Allen Mendenhall is an associate dean at Faulkner University Thomas Goode Jones School of Law and executive director of the Blackstone & Burke Center for Law & Liberty. His books include Literature and Liberty: Essays in Libertarian Literary Criticism (2014), Oliver Wendell Holmes Jr., Pragmatism, and the Jurisprudence of Agon: Aesthetic Dissent and the Common Law (2017), Of Bees and Boys: Lines from a Southern Lawyer (2017), and The Southern Philosopher: Collected Essays of John William Corrington (2017).
He holds a B.A. in English from Furman University, M.A. in English from West Virginia University, J.D. from West Virginia University College of Law, LL.M. in transnational law from Temple University Beasley School of Law, and Ph.D. in English from Auburn University. He edits Southern Literary Review and has been an adjunct legal associate at the Cato Institute, a Mises Emerging Scholar with the Ludwig von Mises Institute Canada, an associate of the Abbeville Institute, a Humane Studies Fellow with the Institute for Humane Studies, a staff attorney for Chief Justice Roy S. Moore of the Supreme Court of Alabama, and an assistant attorney general in the State of Alabama Office of Attorney General Luther Strange. He is an elected member of the Philadelphia Society, a policy adviser for the Heartland Institute, president of the Alabama Association of Scholars, and president of the Montgomery Lawyers Chapter of the Federalist Society. He has taught in university English departments, a humanities department, a law school, a business school, a Japanese private school, and a penitentiary, and has served on the board of directors or editorial board of several organizations and publications. While in private practice in Atlanta, he represented non-profit corporations and litigated cases involving real property, contracts, collections, foreclosures, restrictive covenants, and real-estate transactions.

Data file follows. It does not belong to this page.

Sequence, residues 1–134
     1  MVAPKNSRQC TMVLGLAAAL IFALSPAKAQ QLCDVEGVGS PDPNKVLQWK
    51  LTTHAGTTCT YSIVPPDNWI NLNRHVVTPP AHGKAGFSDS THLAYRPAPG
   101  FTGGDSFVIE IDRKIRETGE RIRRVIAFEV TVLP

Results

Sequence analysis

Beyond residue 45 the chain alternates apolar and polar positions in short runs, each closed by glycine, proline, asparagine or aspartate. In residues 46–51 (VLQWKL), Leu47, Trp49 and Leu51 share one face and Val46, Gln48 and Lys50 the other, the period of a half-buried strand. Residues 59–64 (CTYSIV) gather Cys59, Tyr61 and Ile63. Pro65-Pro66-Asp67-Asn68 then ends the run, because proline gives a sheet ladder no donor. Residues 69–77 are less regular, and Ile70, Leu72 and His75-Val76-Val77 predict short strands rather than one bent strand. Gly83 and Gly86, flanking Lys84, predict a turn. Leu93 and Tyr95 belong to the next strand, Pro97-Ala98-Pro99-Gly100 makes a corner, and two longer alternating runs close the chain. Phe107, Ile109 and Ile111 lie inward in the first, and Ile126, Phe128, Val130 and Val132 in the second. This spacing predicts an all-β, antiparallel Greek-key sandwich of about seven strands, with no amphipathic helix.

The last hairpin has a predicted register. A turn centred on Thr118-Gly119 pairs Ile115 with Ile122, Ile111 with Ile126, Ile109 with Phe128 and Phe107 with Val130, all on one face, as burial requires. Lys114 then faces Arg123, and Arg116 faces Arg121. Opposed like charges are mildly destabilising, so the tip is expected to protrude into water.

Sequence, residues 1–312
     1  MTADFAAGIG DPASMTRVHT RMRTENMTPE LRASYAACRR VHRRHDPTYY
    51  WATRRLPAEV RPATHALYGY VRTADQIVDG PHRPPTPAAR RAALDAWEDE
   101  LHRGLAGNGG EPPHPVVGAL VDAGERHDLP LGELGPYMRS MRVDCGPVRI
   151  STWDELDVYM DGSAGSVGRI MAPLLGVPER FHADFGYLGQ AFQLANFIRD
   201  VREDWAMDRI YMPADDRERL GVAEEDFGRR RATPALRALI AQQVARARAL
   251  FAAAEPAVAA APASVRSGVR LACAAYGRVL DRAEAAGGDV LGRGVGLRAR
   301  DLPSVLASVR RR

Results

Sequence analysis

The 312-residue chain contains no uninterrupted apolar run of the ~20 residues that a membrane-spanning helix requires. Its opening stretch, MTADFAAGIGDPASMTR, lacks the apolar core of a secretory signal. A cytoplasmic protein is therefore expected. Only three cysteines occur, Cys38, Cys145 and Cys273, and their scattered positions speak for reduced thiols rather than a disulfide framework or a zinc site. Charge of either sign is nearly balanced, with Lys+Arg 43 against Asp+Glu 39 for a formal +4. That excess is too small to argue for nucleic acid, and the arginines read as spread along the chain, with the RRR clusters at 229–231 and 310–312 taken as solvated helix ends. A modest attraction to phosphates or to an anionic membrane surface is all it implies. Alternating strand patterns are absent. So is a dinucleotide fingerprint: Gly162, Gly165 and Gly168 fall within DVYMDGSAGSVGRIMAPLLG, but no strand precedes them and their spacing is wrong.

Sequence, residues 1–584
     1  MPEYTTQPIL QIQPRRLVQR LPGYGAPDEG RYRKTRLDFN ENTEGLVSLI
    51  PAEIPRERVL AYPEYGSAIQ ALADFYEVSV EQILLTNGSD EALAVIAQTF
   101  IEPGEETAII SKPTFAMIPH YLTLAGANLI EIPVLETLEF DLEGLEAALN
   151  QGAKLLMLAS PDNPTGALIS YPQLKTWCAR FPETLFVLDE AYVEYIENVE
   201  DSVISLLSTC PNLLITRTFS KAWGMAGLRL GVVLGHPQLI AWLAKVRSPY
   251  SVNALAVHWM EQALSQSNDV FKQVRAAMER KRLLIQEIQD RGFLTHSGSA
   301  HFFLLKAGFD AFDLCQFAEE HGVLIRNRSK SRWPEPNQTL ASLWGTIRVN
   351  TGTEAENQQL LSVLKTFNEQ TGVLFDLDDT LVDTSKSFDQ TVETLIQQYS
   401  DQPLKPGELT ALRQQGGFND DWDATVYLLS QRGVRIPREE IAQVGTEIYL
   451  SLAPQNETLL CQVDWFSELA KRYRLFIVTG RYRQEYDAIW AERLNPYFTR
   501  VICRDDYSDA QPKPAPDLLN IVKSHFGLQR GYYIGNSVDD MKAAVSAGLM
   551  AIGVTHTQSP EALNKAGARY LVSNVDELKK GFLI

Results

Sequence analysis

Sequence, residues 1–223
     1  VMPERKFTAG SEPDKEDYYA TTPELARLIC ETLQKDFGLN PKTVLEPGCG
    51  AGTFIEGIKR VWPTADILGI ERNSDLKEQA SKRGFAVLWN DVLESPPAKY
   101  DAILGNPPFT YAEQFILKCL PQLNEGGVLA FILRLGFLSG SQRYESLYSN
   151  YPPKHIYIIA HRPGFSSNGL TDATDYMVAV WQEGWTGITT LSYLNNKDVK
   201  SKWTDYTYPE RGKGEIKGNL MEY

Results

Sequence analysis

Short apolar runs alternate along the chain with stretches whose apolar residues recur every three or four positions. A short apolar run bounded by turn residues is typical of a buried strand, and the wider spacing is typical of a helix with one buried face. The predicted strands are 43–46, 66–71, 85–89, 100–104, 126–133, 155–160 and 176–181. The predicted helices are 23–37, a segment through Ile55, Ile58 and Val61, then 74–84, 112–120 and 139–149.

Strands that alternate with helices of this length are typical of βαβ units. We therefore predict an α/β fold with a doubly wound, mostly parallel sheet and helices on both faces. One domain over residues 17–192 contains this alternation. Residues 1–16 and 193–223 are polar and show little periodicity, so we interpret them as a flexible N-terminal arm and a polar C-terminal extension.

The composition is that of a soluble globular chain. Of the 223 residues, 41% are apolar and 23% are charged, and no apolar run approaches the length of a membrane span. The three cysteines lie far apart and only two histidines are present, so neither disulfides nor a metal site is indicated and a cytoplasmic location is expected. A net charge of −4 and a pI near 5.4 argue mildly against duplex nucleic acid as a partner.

He has authored hundreds of publications. His academic writing has appeared or is forthcoming in such peer-reviewed journals and law reviews as The Journal Jurisprudence, The Canadian Journal of Law and Jurisprudence, The Texas Review of Law and Politics, European Journal of Pragmatism and American Philosophy, The South Carolina Review, Academic Questions, Georgetown Journal of Law and Modern Critical Race Perspectives, Michigan State Journal of International Law, The Independent Review, Libertarian Papers, Modernist Cultures, and The British Journal of American Legal Studies. His writing for popular media has appeared or is forthcoming in Newsweek, The American Spectator, Pacific Standard, The Hill, The Los Angeles Review of Books, The American Conservative, The Daily Caller, The Freeman, Liberty, The University Bookman, Chronicles, The Christian Lawyer, The Conversation, and elsewhere. He has spoken or delivered papers at Harvard University, Brown University, Georgetown University Law Center, George Mason University, University of British Columbia, University of Nevada-Las Vegas, Auburn University, West Virginia University, the Alabama State Capitol, and other universities and locations. His work has been discussed in Forbes, The National Review, Times Higher Education, Inside Higher Education, and U.S. News and World Report, and published by such organizations as the Ludwig von Mises Institute, the Ludwig von Mises Institute Canada, the Mercatus Center, the Foundation for Economic Education, the Independent Institute, the Rockford Institute, the Russell Kirk Center for Cultural Renewal, the American Ideas Institute, the Abbeville Institute, the National Association of Scholars, and the Libertarian Alliance. He frequently appears on radio and television on networks as wide-ranging as Alabama Public Television, Al-Jazeera, and BBC World News. He lives in Auburn, Alabama, with his wife and two children and blogs at The Literary Lawyer, Letter & Spirit, and themendenhall.